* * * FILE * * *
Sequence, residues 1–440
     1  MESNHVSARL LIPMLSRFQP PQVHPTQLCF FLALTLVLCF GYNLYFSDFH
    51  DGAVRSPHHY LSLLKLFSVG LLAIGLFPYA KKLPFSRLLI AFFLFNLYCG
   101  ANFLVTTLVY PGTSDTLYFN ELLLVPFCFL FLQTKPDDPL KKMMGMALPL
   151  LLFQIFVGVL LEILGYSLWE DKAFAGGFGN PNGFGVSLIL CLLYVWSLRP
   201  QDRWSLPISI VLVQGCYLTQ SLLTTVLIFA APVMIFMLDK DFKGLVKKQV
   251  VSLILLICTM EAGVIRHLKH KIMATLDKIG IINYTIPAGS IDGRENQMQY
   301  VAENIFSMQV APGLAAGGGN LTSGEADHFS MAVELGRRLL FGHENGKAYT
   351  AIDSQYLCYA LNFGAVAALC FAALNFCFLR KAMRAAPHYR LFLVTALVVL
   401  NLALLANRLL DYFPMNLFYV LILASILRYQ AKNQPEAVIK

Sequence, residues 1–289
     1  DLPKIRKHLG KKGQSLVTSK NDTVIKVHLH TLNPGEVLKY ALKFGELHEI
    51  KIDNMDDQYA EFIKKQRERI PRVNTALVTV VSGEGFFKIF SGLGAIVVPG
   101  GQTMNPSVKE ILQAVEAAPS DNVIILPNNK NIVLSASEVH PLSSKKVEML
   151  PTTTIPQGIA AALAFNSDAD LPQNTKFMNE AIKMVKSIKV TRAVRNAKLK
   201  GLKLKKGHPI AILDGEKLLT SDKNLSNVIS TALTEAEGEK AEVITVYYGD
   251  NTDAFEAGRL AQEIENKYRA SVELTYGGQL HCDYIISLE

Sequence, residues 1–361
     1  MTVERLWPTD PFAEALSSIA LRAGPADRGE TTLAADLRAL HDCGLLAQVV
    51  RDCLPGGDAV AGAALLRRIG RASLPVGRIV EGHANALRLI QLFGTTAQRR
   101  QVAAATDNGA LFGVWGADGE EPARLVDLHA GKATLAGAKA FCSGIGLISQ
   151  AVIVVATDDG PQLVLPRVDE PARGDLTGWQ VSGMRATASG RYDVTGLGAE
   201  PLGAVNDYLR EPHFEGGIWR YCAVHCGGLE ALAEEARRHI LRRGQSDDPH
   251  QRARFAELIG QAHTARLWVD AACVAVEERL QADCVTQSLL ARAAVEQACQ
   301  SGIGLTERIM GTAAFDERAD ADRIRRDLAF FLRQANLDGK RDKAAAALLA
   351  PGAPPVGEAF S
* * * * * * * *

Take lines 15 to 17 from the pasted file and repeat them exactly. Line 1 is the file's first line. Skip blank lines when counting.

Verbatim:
   151  PTTTIPQGIA AALAFNSDAD LPQNTKFMNE AIKMVKSIKV TRAVRNAKLK
   201  GLKLKKGHPI AILDGEKLLT SDKNLSNVIS TALTEAEGEK AEVITVYYGD
   251  NTDAFEAGRL AQEIENKYRA SVELTYGGQL HCDYIISLE